Consumer electronics and PV materials manufacturer Panasonic will invest ¥9.5 billion (US$79 million) to expand its solar cell and module production lines in its home country of Japan by 150MW a year.
The planned expansion, announced by Panasonic Corporation this morning, will take the company’s production lines for its HIT series of modules up to a total of 1GW capacity, including output from a factory in Malaysia. The new additions will be at Panasonic’s solar cells factory in Shimane, south west Japan, and its module assembly lines in Shiga, just east of Japan’s ancient capital Kyoto.
Panasonic’s HIT modules are comprised of monocrystalline and amorphous silicon heterojunction cells. Apparently Shimane and Shiga will see a combined increase of 150MW per year in productivity between them, although the company did not detail how this will be apportioned between the two. Those additions are expected to be completed in March 2016.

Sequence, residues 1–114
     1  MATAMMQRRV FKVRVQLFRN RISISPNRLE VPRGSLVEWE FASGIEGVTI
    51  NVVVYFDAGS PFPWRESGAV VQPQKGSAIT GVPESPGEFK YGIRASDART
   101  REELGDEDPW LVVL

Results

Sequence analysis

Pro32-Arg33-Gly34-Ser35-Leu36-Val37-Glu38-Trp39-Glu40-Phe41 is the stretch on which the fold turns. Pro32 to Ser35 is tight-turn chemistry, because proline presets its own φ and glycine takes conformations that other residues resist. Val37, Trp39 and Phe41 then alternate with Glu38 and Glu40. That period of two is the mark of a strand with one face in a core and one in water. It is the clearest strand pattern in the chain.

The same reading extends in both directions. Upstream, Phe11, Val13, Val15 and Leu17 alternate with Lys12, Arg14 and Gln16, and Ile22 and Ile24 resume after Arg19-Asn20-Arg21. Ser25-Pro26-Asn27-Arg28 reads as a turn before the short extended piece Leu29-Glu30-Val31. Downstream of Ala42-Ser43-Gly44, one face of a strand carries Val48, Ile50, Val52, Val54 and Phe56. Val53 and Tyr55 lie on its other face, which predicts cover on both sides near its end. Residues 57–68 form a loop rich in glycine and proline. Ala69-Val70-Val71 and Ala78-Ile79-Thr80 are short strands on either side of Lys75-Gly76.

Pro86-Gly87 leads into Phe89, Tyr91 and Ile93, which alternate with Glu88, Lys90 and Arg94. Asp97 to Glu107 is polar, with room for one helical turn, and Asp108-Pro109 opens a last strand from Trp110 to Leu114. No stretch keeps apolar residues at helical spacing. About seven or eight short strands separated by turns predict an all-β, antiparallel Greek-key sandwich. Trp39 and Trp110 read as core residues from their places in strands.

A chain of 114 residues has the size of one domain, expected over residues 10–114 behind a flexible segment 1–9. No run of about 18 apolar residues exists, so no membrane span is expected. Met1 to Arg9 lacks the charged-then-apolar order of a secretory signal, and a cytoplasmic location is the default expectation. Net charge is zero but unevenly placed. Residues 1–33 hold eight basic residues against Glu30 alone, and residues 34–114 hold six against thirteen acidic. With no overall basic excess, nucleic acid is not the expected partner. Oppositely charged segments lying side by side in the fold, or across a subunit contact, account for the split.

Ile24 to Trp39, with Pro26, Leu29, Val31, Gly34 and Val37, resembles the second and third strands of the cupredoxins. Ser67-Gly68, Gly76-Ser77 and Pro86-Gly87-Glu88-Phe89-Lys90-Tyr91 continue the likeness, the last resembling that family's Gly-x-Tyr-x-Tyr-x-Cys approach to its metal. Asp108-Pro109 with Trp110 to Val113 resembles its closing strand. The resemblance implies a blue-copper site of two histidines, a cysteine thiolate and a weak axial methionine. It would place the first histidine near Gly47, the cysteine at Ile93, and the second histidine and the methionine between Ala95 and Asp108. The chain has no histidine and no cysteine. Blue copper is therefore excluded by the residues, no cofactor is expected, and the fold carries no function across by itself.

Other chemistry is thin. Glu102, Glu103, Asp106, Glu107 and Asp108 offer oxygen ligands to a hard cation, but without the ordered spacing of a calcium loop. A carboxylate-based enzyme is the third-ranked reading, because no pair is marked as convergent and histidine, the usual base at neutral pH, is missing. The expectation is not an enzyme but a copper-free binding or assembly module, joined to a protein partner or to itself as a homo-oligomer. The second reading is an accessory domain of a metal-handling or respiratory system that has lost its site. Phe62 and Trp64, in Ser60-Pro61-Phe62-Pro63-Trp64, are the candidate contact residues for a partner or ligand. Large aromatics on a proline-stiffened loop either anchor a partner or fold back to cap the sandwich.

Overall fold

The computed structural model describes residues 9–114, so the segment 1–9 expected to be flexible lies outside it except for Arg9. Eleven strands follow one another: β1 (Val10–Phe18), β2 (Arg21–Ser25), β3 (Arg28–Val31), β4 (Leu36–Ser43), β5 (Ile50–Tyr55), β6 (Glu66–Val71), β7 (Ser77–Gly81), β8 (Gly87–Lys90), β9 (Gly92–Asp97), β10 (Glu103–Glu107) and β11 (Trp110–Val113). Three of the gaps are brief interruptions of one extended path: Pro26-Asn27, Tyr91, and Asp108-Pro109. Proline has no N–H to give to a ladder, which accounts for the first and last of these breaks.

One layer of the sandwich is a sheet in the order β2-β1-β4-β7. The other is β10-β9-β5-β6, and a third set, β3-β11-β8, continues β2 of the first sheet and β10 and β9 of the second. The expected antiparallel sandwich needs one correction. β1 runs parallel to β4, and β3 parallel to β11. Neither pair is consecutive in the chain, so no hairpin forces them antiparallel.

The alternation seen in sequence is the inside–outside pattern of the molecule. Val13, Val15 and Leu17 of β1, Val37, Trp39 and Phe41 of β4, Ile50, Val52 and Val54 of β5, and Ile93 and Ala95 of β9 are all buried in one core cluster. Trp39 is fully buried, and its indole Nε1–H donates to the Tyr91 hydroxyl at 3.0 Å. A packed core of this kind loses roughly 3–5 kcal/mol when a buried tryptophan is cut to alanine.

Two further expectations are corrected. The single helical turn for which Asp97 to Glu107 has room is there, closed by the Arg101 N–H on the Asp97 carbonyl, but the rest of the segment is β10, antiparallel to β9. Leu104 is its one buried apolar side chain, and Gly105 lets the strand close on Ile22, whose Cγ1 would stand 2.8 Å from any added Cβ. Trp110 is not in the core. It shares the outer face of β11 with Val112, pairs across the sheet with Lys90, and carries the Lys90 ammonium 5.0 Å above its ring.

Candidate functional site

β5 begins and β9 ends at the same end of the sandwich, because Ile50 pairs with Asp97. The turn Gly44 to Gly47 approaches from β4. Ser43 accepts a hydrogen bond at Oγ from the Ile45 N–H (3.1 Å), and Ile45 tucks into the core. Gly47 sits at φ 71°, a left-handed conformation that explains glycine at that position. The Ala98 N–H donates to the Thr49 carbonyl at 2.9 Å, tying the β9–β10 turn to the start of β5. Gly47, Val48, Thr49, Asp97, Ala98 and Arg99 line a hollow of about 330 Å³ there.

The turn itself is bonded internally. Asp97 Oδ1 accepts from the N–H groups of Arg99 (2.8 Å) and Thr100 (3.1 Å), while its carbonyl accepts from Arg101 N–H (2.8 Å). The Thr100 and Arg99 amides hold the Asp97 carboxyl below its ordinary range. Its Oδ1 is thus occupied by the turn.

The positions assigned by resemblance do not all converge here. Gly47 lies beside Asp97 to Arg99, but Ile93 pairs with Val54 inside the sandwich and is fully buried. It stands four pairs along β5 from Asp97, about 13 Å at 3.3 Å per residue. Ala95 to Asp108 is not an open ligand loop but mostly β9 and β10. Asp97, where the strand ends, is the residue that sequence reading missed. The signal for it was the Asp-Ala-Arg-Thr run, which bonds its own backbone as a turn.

The corporation said it continues to see strong demand from Japan for both residential and non-residential PV applications. Recent government efforts to support net zero energy housing is a big contributor to this, with Panasonic also investing time and money into the area of solutions for the home, including home energy managements systems (HEMS), which Panasonic has branded SMARTHEMS. This integrates solar, storage batteries, heat pumps and other components.
Also, earlier this year at PV Expo trade show in Japan, PV Tech was given a briefing on some of Panasonic’s new and planned ranges of products for the domestic market, with a strong emphasis on the residential segment. Of particular interest was a central junction box system (display pictured) which is being prepared for Japan’s deregulated energy market, which has been promised for some time and is planned to become reality starting in 2016.
In Tokyo, PV Tech was shown a Panasonic energy management system which actively seeks out the cheapest purchase price of electricity to buy into the household. Conversely, the system also works out where to sell PV-generated electricity to at the most attractive price from the system’s battery. As seen in the picture, the system also includes a number of novel features, such as a colourful display designed to educate families on energy use which represents the household’s energy supply and demand in cartoon penguin form. Internationally of course, the company is also Tesla's partner on its battery pack production.